Daines says he’s now a ‘yes’ vote on Senate GOP’s tax reform bill

Sen. Steve Daines, R-Montana, initially expressed concern about the Senate tax bill’s impact on small businesses, but said those issues have now been resolved.

Montana Sen. Steve Daines is now a “yes” vote on the U.S. Senate’s tax reform bill after the legislation was changed to provide a 20 percent deduction on income for small, so-called “Main Street” businesses.

In a pair of tweets Wednesday, Daines said he can now vote for the bill, a key pickup for his fellow Republican senators.

“There has been some good progress for Main Street businesses in the tax cut bill,” Daines wrote. “I was able to secure more than $60 billion in tax cuts for Main Street businesses. These Main Street businesses will be able to provide more jobs and higher wages in Montana and across the country.

“I’ve seen enough progress to vote yes to move the debate forward.”

Earlier this week, Daines said he could not vote for the GOP tax reform plan because it would harm small businesses while benefiting the nation’s largest corporations.

No more than two Republicans can oppose the bill for it to pass the Senate. Daines became the second potential “no” vote, alongside Sen. Ron Johnson, R-Wisc. Johnson remains opposed to the bill.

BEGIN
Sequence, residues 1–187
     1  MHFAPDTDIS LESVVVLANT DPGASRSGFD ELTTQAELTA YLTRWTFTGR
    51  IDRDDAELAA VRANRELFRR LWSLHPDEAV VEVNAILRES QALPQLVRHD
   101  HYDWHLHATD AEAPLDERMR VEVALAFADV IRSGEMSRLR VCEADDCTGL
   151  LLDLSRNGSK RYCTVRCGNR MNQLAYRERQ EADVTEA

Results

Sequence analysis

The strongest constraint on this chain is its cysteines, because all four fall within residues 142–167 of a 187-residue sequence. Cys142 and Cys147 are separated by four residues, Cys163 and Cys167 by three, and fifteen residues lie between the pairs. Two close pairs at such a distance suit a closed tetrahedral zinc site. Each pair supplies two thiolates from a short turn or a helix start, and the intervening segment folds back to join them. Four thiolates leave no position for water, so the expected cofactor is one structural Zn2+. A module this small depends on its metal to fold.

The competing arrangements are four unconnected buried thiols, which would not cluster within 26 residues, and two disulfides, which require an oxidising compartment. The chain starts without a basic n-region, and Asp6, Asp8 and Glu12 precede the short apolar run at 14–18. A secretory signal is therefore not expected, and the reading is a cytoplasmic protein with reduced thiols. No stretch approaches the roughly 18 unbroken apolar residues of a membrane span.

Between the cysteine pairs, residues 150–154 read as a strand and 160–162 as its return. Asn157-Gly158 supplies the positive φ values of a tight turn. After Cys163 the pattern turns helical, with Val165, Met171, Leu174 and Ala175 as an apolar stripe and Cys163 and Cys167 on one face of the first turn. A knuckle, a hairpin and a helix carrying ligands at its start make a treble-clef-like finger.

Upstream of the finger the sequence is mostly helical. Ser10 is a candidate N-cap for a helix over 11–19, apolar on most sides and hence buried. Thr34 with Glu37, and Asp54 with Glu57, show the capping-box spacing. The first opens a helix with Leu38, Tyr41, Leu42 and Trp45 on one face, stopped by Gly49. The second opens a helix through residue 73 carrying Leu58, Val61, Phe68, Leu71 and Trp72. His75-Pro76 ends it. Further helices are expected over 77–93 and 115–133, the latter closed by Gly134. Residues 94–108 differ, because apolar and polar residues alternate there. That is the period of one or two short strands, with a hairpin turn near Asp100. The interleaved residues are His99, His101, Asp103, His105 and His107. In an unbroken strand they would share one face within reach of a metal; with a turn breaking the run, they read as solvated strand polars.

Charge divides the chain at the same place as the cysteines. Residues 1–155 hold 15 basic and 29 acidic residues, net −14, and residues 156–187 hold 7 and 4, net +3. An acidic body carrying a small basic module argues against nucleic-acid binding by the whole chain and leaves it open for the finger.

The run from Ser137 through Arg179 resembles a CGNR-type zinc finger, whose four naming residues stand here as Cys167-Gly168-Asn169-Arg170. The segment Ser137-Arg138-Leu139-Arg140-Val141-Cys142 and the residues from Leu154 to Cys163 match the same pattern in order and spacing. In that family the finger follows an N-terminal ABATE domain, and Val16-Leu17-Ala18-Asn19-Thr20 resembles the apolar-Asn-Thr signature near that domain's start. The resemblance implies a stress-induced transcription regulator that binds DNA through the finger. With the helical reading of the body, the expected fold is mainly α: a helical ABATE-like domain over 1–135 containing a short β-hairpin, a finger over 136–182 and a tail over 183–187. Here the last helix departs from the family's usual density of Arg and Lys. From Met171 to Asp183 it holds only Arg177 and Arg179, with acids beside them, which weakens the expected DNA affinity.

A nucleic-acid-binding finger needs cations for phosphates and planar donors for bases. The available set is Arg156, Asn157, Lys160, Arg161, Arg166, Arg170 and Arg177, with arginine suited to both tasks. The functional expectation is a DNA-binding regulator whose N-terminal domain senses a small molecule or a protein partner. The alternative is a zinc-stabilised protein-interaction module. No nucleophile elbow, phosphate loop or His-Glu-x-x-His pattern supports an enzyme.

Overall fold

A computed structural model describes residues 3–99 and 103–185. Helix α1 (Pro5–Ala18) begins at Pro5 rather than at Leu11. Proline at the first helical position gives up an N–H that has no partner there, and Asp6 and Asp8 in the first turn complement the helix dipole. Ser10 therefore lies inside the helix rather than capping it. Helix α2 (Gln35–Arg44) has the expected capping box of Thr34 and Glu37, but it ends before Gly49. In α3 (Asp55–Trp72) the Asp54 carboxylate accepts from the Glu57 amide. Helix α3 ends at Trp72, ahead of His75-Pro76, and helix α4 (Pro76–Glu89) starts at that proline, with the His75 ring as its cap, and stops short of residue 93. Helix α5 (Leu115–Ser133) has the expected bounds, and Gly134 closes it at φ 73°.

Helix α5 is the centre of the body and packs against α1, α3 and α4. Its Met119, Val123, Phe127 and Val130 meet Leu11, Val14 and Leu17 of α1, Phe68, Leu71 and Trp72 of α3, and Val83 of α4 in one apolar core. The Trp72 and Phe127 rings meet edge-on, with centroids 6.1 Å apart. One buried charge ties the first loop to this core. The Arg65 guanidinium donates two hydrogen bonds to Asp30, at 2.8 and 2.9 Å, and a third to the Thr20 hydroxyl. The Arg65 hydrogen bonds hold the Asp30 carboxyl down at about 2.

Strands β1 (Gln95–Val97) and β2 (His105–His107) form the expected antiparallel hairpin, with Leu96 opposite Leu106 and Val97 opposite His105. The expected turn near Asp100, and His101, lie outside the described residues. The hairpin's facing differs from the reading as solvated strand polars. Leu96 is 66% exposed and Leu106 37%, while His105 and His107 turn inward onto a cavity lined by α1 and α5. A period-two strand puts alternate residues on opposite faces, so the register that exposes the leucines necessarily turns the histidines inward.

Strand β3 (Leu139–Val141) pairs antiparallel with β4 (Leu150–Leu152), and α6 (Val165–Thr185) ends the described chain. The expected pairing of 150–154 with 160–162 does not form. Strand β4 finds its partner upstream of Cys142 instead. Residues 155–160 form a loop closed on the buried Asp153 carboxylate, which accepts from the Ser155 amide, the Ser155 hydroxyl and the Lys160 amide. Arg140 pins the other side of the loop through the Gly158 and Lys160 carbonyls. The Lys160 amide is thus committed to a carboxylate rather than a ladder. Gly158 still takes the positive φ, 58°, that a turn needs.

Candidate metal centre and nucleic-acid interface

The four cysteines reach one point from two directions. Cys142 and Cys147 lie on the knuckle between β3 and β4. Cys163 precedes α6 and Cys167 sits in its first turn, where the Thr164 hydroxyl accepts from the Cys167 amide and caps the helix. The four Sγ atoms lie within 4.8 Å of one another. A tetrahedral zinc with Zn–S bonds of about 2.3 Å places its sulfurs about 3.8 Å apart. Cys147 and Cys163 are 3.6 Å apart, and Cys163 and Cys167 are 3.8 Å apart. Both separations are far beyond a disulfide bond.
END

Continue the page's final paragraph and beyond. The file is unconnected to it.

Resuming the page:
Daines has not expressed concerns for other provisions of the legislation, focusing solely on its impact on small pass-through businesses, which he said account for 68 percent of all private sector employment in Montana.

“Pass-through” businesses are taxed under the individual tax code because they are sole proprietorships, LLCs or partnerships.

As originally proposed, the Senate GOP’s tax bill would have cut the corporate tax rate from 35 percent to 20 percent and pass-through businesses would have received a 17.4-percentage point deduction.

Daines said the new version of the bill gives small businesses a 20 percent deduction on income, enough to satisfy his concerns.

Montana Sen. Jon Tester remains opposed to the tax bill for a host of reasons, including concerns about its impact on lower- and middle-income Montanans, health care, graduate students, older Americans and small businesses.